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Louis Kahn '65 - Salk Institute

Practice

Louis Kahn


Project Architect / Lead Partner


BUILDING

Salk Institute


City

California


Country

USA


Commissioned


Construction

1959


Completion

1965


Duration

6


YY

65


CLIENT

Jonas Salk


CONSULTANTS



Storey

6


CO2


STATUS

Completed


PROGRAM

Education + Research


Amount


Currency


GBP


ARCHITECT'S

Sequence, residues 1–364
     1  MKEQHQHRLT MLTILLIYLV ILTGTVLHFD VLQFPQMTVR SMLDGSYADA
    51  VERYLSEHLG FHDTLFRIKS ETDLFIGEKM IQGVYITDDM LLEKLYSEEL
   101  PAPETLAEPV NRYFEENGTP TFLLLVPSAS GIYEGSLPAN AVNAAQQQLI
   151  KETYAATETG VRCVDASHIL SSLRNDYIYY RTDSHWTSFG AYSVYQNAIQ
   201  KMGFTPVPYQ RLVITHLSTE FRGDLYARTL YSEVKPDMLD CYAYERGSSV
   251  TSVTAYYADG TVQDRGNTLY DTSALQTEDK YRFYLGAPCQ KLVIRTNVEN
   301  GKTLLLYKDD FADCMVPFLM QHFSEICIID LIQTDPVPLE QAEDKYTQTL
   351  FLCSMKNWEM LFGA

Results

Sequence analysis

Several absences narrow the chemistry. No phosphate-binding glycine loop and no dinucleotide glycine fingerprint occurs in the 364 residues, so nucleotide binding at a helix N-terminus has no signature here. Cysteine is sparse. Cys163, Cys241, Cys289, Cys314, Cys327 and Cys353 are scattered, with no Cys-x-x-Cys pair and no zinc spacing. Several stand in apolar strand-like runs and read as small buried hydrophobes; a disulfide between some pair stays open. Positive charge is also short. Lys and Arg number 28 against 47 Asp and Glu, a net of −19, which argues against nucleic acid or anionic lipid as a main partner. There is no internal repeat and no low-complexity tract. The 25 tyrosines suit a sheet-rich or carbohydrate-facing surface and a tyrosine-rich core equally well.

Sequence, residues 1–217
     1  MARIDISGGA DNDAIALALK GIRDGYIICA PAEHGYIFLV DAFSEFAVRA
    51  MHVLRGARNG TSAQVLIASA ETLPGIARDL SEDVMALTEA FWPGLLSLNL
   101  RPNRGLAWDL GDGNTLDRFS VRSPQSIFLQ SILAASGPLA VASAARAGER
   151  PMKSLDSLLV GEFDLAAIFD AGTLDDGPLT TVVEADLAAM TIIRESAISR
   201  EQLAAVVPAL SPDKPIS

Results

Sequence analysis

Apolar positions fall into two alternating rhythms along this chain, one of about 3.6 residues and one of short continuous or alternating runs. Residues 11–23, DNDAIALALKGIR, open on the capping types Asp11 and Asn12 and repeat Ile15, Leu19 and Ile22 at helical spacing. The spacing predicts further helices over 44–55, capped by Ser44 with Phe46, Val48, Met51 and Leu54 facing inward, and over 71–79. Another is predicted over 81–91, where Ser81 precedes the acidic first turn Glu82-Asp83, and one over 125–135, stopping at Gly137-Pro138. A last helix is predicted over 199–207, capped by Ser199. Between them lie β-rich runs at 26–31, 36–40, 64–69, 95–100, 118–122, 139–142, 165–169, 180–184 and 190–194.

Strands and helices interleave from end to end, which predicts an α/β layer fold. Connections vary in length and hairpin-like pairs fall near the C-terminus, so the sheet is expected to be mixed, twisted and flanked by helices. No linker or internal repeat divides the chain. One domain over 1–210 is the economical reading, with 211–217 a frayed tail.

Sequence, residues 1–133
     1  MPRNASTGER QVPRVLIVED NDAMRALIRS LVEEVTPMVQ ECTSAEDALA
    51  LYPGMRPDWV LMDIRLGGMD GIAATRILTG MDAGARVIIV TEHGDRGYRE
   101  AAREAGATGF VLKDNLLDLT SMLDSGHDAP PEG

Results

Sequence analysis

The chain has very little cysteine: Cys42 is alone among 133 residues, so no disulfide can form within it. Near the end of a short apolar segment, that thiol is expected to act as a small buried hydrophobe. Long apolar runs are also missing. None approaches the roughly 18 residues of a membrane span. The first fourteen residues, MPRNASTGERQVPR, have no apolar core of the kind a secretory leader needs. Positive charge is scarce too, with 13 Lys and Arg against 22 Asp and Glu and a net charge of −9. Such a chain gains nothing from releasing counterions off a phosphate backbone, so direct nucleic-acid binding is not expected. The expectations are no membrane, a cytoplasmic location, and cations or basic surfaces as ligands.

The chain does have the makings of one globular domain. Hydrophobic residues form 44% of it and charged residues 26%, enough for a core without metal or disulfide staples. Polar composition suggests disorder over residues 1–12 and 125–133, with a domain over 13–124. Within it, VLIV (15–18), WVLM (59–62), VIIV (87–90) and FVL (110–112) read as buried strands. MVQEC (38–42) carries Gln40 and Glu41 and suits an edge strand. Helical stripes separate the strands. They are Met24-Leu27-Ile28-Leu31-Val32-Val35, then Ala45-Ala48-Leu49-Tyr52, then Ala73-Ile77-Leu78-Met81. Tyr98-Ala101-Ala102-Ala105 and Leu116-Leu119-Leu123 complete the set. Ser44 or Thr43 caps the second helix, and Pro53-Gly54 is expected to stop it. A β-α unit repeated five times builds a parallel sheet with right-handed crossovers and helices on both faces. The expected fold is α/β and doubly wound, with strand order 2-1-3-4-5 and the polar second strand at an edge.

The Salk Institute was established in 1960 by Jonas Salk, MD, developer of the first safe and effective polio vaccine. Salk selected world-renowned architect Louis I. Kahn to design the research facility he envisioned would contribute to the betterment of humankind. Salk directed Kahn to create spacious, unobstructed laboratory spaces that could be adapted to the ever-changing needs of science. The building materials had to be simple, strong, durable, and as maintenance-free as possible. Kahn’s masterwork consists of two mirror-image structures—each six stories tall—that flank a grand travertine courtyard. Three floors house laboratories and the three levels above them provide access to utilities. Towers jutting into the courtyard provide study space for senior faculty. Towers at the east end contain heating, ventilating and other support systems. At the west end are six floors of offices overlooking the Pacific Ocean. A total of 29 structures join to form the Institute. The impact of Kahn’s architecture can be particularly felt in the travertine courtyard. Important to note are Kahn’s imaginative use of space and high regard for natural light. In response to Salk’s request that the Institute be a welcoming, inspiring environment for scientific research, Kahn flooded the laboratories with daylight. On the laboratory levels, he built all the exterior walls out of large, double-strength glass panes to create an open, airy work setting. Local zoning codes restricted the height of the buildings so that the first two stories had to be underground. This did not, however, prevent the architect from bringing in daylight: he designed a series of light wells 40 feet long and 25 feet wide on both sides of each building to bring daylight into the lowest level. (© Salk)

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